Academic journal article School Psychology Review

Enhancing First-Grade Children's Mathematical Development with Peer-Assisted Learning Strategies

Academic journal article School Psychology Review

Enhancing First-Grade Children's Mathematical Development with Peer-Assisted Learning Strategies

Article excerpt

Abstract. The purpose of this study was to examine the effects of a dyadic peer-mediated treatment, Peer-Assisted Learning Strategies (PALS), on first-grade children's mathematics development. Within schools, 20 classrooms were assigned randomly to PALS or no-PALS groups. Teachers implemented PALS three times each week for 16 weeks. Treatment fidelity was measured with direct observation; teachers completed questionnaires about treatment effectiveness and feasibility; and 323 students were pre- and post-tested. Effects were separated for low-, average-, and high-achievers, and effect sizes and the percentage of nonresponders for 18 students with disabilities were calculated. Results indicated that treatment implementation was strong; teachers judged PALS to be effective and generally feasible; and students with and without disabilities, at all points along the achievement continuum, benefited from PALS. Implications for research and practice are discussed.

**********

In the United States, mathematics difficulties are widespread. In the 1997 International Evaluation of Education Achievement (Stedman, 1997), for example, eighth graders performed more than 2 years below high-scoring countries. For many children, mathematics deficits begin early. In fact, by the end of kindergarten, the distribution of mathematical development in typical public school classrooms spans more than four grade levels (Fuchs, Fuchs, & Karns, 2001), with many children, especially those from high-poverty backgrounds, demonstrating large deficits in their mathematical thinking and skills (Griffin, Case, & Siegler, 1994). These early performance deficits are strongly associated with long-term mathematics failure (Griffin & Case, 1997). This is unfortunate because mathematics competence is important for success in school. Moreover, statistical analyses show that mathematics competence accounts for employment, income, and work productivity even after IQ and reading achievement have been explained (Rivera -Batiz, 1992).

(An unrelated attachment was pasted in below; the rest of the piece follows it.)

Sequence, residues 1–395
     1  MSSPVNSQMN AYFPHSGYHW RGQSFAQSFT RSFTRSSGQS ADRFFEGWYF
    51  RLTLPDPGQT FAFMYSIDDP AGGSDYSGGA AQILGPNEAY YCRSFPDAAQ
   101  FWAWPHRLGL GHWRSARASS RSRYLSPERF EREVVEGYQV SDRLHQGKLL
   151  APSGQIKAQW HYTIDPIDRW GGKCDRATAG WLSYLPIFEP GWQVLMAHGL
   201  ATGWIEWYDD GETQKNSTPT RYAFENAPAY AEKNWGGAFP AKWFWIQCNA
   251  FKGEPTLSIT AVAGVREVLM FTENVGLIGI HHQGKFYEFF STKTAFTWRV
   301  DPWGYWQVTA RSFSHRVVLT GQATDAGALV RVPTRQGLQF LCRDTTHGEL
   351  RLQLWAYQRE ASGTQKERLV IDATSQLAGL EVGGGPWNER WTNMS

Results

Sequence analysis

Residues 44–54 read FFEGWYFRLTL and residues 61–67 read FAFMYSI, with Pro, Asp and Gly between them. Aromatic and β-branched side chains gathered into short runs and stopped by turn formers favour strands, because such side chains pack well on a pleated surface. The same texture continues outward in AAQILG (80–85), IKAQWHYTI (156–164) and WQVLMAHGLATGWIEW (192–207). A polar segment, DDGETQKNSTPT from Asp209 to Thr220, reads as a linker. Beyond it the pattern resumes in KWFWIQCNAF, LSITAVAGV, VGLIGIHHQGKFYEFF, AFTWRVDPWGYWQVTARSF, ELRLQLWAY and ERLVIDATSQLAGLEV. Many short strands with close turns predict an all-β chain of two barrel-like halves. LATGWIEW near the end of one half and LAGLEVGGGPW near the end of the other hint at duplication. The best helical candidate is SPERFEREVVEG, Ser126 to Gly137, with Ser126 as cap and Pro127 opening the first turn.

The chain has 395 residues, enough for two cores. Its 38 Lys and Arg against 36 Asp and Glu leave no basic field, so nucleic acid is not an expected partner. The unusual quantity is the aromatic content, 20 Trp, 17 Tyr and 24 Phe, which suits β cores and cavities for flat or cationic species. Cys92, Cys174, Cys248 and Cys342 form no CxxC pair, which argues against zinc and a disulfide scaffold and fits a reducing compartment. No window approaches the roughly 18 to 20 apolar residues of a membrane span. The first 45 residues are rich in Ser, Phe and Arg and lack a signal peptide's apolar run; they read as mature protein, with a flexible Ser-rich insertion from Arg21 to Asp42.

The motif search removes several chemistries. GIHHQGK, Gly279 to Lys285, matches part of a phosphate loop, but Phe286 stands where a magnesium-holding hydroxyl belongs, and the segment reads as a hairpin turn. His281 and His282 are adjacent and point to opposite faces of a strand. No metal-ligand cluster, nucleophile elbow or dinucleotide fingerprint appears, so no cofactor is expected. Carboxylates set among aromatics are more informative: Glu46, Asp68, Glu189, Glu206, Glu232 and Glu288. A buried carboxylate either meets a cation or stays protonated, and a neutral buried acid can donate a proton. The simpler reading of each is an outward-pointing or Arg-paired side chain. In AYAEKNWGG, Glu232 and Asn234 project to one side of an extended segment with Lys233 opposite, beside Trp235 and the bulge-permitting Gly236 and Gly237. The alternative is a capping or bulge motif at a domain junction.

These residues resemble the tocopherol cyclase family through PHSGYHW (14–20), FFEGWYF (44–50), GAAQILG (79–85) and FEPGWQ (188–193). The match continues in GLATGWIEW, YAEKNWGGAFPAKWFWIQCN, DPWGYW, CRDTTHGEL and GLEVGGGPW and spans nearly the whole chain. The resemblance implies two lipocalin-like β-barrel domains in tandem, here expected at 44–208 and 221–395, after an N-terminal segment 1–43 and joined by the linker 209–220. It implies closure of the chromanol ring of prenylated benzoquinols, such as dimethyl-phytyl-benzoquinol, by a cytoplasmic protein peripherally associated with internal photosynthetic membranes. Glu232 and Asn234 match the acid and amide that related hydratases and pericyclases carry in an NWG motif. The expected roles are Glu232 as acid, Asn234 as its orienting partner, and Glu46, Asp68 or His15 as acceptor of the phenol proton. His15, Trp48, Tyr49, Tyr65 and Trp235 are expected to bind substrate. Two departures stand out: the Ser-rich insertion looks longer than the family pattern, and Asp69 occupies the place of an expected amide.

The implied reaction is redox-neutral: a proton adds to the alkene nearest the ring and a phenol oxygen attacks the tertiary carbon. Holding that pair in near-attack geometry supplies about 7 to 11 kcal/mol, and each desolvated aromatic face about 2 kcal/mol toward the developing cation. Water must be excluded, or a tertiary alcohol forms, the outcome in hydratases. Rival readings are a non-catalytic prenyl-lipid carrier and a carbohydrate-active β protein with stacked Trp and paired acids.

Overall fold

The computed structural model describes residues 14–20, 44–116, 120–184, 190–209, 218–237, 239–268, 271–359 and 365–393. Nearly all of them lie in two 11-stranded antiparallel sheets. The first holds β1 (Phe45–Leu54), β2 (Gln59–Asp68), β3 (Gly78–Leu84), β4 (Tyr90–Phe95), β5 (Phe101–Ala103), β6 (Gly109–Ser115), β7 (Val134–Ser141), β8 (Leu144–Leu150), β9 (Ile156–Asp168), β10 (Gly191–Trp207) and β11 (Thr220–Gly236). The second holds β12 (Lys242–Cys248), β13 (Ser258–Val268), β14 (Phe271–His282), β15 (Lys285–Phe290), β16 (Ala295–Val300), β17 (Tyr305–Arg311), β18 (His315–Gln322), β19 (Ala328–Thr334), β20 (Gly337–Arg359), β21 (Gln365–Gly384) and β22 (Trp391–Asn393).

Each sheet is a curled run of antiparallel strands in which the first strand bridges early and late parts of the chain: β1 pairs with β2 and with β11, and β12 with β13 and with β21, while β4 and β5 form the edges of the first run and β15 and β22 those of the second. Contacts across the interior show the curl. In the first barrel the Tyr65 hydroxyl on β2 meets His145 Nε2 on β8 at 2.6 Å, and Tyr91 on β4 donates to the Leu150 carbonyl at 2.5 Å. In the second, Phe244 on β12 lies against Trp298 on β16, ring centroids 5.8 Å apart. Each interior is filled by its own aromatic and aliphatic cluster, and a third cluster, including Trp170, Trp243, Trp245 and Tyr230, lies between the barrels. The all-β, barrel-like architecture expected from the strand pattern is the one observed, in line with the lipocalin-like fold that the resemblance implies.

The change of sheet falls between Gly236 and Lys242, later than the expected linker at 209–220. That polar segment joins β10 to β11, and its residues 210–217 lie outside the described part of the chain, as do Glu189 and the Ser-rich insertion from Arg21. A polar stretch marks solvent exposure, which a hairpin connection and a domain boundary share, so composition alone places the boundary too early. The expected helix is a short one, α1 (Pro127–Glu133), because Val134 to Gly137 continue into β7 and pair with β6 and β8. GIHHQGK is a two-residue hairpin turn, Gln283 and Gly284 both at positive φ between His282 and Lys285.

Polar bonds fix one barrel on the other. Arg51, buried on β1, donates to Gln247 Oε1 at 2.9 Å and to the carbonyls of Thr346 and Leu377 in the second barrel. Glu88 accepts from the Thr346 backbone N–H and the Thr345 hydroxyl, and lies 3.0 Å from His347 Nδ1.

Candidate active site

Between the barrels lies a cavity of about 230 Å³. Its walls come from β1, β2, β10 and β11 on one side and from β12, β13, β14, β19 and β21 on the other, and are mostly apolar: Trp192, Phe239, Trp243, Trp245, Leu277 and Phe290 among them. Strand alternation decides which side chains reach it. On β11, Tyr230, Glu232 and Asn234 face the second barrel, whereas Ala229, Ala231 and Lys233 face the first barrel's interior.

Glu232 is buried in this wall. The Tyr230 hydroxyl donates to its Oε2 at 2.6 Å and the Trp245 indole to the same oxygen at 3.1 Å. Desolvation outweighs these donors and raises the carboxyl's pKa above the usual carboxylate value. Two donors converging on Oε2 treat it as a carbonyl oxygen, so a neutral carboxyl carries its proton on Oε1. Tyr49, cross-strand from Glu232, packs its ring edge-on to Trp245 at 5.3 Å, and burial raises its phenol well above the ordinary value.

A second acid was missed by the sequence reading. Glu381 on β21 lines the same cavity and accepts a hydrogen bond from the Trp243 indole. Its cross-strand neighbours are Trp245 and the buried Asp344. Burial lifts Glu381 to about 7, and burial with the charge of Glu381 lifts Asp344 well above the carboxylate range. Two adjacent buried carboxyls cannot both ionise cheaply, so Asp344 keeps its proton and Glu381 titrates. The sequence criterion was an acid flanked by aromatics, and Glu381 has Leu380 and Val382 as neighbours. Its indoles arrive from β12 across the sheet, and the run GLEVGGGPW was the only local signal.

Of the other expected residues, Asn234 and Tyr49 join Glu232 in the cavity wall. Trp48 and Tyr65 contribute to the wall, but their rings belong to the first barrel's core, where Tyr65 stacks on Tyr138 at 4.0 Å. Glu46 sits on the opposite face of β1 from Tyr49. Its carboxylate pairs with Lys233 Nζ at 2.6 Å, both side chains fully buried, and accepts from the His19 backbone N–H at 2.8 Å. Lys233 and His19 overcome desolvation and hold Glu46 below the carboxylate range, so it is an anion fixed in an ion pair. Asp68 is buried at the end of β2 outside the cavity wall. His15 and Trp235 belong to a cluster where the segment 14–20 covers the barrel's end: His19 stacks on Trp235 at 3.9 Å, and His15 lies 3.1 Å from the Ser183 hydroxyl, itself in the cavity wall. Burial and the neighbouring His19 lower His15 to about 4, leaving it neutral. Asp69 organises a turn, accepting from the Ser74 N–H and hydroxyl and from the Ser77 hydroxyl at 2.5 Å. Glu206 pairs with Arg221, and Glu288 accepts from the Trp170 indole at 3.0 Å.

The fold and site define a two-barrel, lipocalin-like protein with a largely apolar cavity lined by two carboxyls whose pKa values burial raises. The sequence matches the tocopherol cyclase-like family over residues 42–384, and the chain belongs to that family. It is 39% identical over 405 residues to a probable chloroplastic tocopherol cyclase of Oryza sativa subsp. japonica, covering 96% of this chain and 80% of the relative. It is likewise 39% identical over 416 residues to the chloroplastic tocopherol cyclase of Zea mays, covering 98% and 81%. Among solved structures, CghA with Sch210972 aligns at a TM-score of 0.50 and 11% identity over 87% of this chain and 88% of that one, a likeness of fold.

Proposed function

The challenge, therefore, is to help teachers effectively address their students' various mathematics needs early in school, before the mathematics curriculum, which is hierarchical in nature, increases in scope and difficulty. One promising approach for addressing a classroom of students with heterogeneous skill development is peer-mediated instruction. With peer-mediated instruction, teachers pair students to work intensively on structured activities that are appropriate to individual needs. Prior work on ClassWide Peer Tutoring (Greenwood, Delquadri, & Hall, 1989) documents the potential for peer-mediated instruction conducted on math facts in first grade to produce strong and lasting effects through the primary grades.

The purpose of the current study was to extend that work to a more comprehensive first-grade mathematics curriculum, including math concepts and procedures, using Peer-Assisted Learning Strategies, or PALS. Results of a systematic program of research (e.g., Fuchs et al., 1997; Fuchs, Fuchs, Phillips, Hamlett, & Karns, 1995) has documented PALS efficacy on a comprehensive mathematics curriculum in Grades 2 throuh 6 for students with disabilities as well as for classmates without disabilities and with varying achievement histories. Nevertheless, dyadic learning structures, such as those used within PALS, have been used only sporadically with children as young as 5 and 6 years of age. For example, Ames and Murray (1982) and Silverman and Stone (1972) showed that young children earn better-than-expected scores when they work constructively with peers. Fuchs et al. (2001) documented that kindergarten children could work productively to enhance reading readiness. Grounding for such findings comes from sociocognitiv e theory, which, based on the work of Piaget (1928), posits that internal cognitive conflict arises when children express alternative perspectives. …

Search by... Author
Show... All Results Primary Sources Peer-reviewed

Oops!

An unknown error has occurred. Please click the button below to reload the page. If the problem persists, please try again in a little while.